([18F]HX4 ). The first on day - 6 (start CQ), the second on day 0 (before the start

radiotherapy and TMZ).


Minimum age: 18 Years. Maximum age: 70 Years. Gender(s): Both.


Inclusion Criteria:

- Histologically confirmed grade IV supratentorial astrocytoma, IDH wildtype

(glioblastoma multiforme)

- Tumor tissue available for histopathological analysis

- Diagnosis must have been made by biopsy or resection ≤ 3 months prior to study entry

- 18 - 70 years

- WHO performance status 0-2

- Absolute neutrophil count at least 1. 5 x 109/L and platelets at least 100 x109/L

- Adequate renal function

- Adequate hepatic function

- Absence of any psychological, familial, sociological or geographical condition

potentially hampering compliance with the study protocol and follow-up schedule.

- Females must have negative results for pregnancy tests performed

- No breast feeding.

- If male, subject must be surgically sterile or practicing a method of contraception

- Ability to swallow and take oral medication.

Exclusion Criteria:

- Prior radiotherapy

- Prior chemotherapy

- Pregnancy or breast feeding

- Recent (< 3 months) severe cardiac disease (NYHA class >1) (congestive heart failure,


- History of cardiac arrythmia (multifocal premature ventricular contractions,

uncontrolled atrial fibrillation, bigeminy, trigeminy, ventricular tachycardia) which is symptomatic and requiring treatment, or asymptomatic sustained ventricular tachycardia. Asymptomatic atrial fibrillation controlled on medication is allowed.

- Cardiac conduction disturbances or medication potentially causing them

- Treatment with investigational drugs in 4 weeks prior to or during this study

- If the subject has clinically significant and uncontrolled major medical condition(s)

- Psychiatric illness/social situation that would limit compliance with study


- Any medical condition, with the opinion of the study investigator, places the subject

at an unacceptably high risk for toxicities.

- The subject has had another active malignancy within the past 3 years except for any

cancer in situ that the principal Investigator considers to be cured.

- Chronic systemic immune therapy (with the exception of corticosteroids)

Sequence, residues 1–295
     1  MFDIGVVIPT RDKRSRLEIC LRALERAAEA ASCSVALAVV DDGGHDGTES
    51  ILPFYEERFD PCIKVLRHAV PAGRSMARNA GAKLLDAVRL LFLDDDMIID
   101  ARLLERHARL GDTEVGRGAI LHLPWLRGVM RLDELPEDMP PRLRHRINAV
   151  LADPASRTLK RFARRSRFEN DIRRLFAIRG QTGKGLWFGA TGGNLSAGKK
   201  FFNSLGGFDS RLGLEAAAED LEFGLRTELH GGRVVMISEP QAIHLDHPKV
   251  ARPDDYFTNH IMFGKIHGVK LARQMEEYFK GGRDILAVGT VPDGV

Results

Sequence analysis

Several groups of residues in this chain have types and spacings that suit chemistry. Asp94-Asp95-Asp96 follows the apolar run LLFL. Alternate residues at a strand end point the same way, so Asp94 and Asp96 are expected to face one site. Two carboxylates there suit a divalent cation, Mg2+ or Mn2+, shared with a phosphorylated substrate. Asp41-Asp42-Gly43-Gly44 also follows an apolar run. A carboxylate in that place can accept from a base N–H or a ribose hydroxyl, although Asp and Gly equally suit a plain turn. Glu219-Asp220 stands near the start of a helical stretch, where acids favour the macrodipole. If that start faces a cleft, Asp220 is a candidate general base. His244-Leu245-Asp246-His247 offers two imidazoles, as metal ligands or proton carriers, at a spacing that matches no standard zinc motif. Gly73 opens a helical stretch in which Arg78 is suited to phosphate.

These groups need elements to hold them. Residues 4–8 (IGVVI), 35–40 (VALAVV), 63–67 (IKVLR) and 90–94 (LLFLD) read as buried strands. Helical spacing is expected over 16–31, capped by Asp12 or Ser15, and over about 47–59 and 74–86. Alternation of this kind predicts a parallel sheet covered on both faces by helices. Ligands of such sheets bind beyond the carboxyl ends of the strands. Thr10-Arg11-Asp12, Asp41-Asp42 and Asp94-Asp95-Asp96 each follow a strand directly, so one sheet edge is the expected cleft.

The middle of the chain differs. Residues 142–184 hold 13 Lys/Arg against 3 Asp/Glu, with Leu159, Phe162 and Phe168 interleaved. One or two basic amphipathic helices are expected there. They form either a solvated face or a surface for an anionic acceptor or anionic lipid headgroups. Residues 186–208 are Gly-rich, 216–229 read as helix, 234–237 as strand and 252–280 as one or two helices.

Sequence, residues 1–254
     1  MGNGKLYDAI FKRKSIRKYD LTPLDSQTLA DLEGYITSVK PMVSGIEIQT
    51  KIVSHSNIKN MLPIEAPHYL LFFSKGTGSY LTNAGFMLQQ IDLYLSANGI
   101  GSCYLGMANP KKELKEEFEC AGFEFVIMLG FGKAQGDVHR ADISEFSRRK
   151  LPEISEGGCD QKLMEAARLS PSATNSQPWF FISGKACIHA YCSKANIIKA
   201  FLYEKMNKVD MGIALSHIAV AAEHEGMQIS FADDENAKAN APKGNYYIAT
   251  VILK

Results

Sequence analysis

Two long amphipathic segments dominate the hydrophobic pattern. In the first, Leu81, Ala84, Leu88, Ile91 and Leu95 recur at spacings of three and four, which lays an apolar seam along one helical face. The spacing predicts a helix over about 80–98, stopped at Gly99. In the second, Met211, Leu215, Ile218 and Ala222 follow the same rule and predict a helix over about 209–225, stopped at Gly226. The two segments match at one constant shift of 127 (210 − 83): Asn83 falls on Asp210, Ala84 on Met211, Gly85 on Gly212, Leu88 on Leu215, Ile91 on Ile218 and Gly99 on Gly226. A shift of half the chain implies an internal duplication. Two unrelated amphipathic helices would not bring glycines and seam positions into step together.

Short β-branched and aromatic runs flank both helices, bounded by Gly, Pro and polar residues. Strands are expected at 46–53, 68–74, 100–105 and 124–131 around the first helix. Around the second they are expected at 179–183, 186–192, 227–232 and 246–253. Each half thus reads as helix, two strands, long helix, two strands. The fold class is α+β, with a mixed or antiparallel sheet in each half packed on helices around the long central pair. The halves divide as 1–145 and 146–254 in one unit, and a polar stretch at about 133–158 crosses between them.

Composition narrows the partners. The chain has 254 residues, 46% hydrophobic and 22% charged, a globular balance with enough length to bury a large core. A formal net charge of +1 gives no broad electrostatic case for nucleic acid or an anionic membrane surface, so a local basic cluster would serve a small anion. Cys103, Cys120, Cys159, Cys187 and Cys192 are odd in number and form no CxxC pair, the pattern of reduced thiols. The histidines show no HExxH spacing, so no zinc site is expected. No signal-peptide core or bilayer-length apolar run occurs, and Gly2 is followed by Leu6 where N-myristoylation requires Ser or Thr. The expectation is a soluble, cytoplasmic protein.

- Concurrent cytochrome P450 enzyme-inducing anticonvulsant drugs (e. g., phenytoin,

carbamazepine, phenobarbital, primidone, or oxcarbazepine)

- Known glucose-6-phosphate dehydrogenase deficiency

- Psoriasis or porphyria

- Known hypersensitivity to 4-aminoquinoline compound

- Retinal or visual field changes unrelated to the tumor location prior to

4-aminoquinoline compound use

Locations and Contacts

Inge Compter, MD, Phone: 088-44556666, Email: Inge.Compter@maastro.nl

Additional Information

Related publications:

Sotelo J, Briceño E, López-González MA. Adding chloroquine to conventional treatment for glioblastoma multiforme: a randomized, double-blind, placebo-controlled trial. Ann Intern Med. 2006 Mar 7;144(5):337-43.

Jutten B, Keulers TG, Schaaf MB, Savelkouls K, Theys J, Span PN, Vooijs MA, Bussink J, Rouschop KM. EGFR overexpressing cells and tumors are dependent on autophagy for growth and survival. Radiother Oncol. 2013 Sep;108(3):479-83. doi: 10.1016/j.radonc.2013.06.033. Epub 2013 Jul 25.

Jutten B, Rouschop KM. EGFR signaling and autophagy dependence for growth, survival, and therapy resistance. Cell Cycle. 2014;13(1):42-51. doi: 10.4161/cc.27518. Epub 2013 Dec 13. Review.

Rouschop KM, van den Beucken T, Dubois L, Niessen H, Bussink J, Savelkouls K, Keulers T, Mujcic H, Landuyt W, Voncken JW, Lambin P, van der Kogel AJ, Koritzinsky M, Wouters BG. The unfolded protein response protects human tumor cells during hypoxia through regulation of the autophagy genes MAP1LC3B and ATG5. J Clin Invest. 2010 Jan;120(1):127-41. doi: 10.1172/JCI40027. Epub 2009 Dec 14.

Starting date: January 2018
Last updated: April 28, 2015

Page last updated: August 20, 2015